Birds of the UK Overseas Territories
The UK Overseas Territories (UKOTs) are scattered across the globe. Most are small islands or island complexes, occurring from the Caribbean to the furthest reaches of the South Atlantic, via the Indian and Pacific Oceans. In terms of global biodiversity, these territories are remarkably significant. Among landscapes that range from coral atolls, through mangroves and dry forests to the ice sheets of Antarctica, the UKOTs support no fewer than 45 species of birds currently considered to be globally threatened. They are also home to a third of all the world's breeding albatrosses, and nine of the world's 17 species of penguin. In a rapidly changing world, the UKOTs symbolise global crises in climate and biodiversity. Threats faced by their wildlife range from mortality of seabirds at sea through industrial fisheries, and on land as a result of introduced ground predators, to the utter devastation of hurricanes in the Caribbean, which provide a stark reminder of our changing climate. The human impact on the wildlife of our planet has been increasing for centuries, but the next few decades promise to be critical. This book explores the birds and other wildlife of each of the 14 UKOTs, with a particular focus on environmental threats and conservation priorities. Written by authors with a deep connection to the sites, this book represents an important stocktake of the biological richness of these special places in the early 21st century.
- Paperback | 336 pages
- 156 x 234 x 25.4mm | 818g
- 22 Sep 2020
- Bloomsbury Publishing PLC
- T & AD POYSER
- New York, United Kingdom
- 250 colour photos and illustrations
I hope you enjoy the fascinating tour around the globe this book provides and, as a result, may be inspired to support the birds of these remarkable Overseas Territories. - Miranda Krestovnikoff, RSPB President This book spells out the importance of these 14 territories for bird conservation, and nature conservation as a whole, and sends a message of hope through the progress that has been made in recent years ... The texts are simply brilliant in my opinion, giving lots of clear factual information, plenty of historical and political context and some information about visiting the sites and what you can do to help conserve their wildlife. There are many very good photographs of species and habitats as well as plentiful and helpful maps and tables ... This is a book that needed to be written as a stock-take of the wildlife of these 14 disparate locations. - Mark Avery This book ... is about the territories that form the last vestiges of the British Empire, but wow, are there some amazing birds to be seen and read about! ... I found it a great read. - Birdwatching The book represents an important stocktake of the biological richness of these special places in the early twenty-first century. Each chapter is authoritatively written and lavishly illustrated. - Tony Marr, British Birds The book is well illustrated with maps and colour photographs, and the text has been brought together in the same style from many different authors to create a valuable reference. We should care about these places because they are ours - and this book should help to raise their profile. - Keith Betton, Birdwatch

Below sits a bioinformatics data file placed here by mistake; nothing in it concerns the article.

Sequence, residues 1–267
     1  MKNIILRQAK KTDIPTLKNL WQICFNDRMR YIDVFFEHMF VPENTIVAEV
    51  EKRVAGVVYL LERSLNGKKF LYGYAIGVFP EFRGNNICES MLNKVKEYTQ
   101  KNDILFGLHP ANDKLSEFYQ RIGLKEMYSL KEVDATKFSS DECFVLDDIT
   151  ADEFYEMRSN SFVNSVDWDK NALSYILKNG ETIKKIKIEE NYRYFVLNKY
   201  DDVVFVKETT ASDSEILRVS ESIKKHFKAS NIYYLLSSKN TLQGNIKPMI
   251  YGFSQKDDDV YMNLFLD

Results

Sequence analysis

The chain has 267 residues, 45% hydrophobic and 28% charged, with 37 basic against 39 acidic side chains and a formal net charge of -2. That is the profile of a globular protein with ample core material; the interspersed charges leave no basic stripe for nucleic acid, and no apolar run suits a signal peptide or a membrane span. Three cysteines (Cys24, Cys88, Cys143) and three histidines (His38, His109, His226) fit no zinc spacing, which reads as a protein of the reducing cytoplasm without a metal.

About Roger Riddington
British Birds is a monthly magazine for everyone interested in the birds of the Western Palearctic (and beyond). Founded in 1907 and published continuously since then, it incorporates a range of peer-reviewed material on subjects such as bird behaviour, conservation, distribution, ecology, identification, movements, status and taxonomy, as well as the latest ornithological news and book reviews. It aspires to be the bird journal of record in Britain and a key characteristic is its aim to interpret scientific research on birds in an easily accessible way. British Birds also has its own charitable trust - the British Birds Charitable Trust - that makes annual grants to a range of ornithological and conservation projects; it will be donating all profits from the sale of this book to conservation work in the UK Overseas Territories. Roger Riddington has been the Editor of British Birds since 2001. The RSPB is the largest nature conservation charity in the UK; with the support of over a million members and partner organisations, the RSPB strives to protect and restore our precious natural world. Originally established in 1889, the RSPB has worked with the UK Overseas Territories for more than 20 years to help local non-governmental organisations and communities protect their internationally significant wildlife. Some of the projects they have collaborated on include combating illegal bird-killing in the Cyprus Sovereign Base Areas, eradicating rats from World Heritage Sites to protect ground-nesting seabirds, and supporting the designation of large-scale Marine Protected Areas in their rich waters. Today, the RSPB's Overseas Territories team is focused on saving species found in the territories from extinction, helping to protect their most valuable natural sites both above and below water, ensuring that laws and polices safeguard their environments, and sharing their expertise to support the development of strong, sustainable and locally led territory conservation organisations.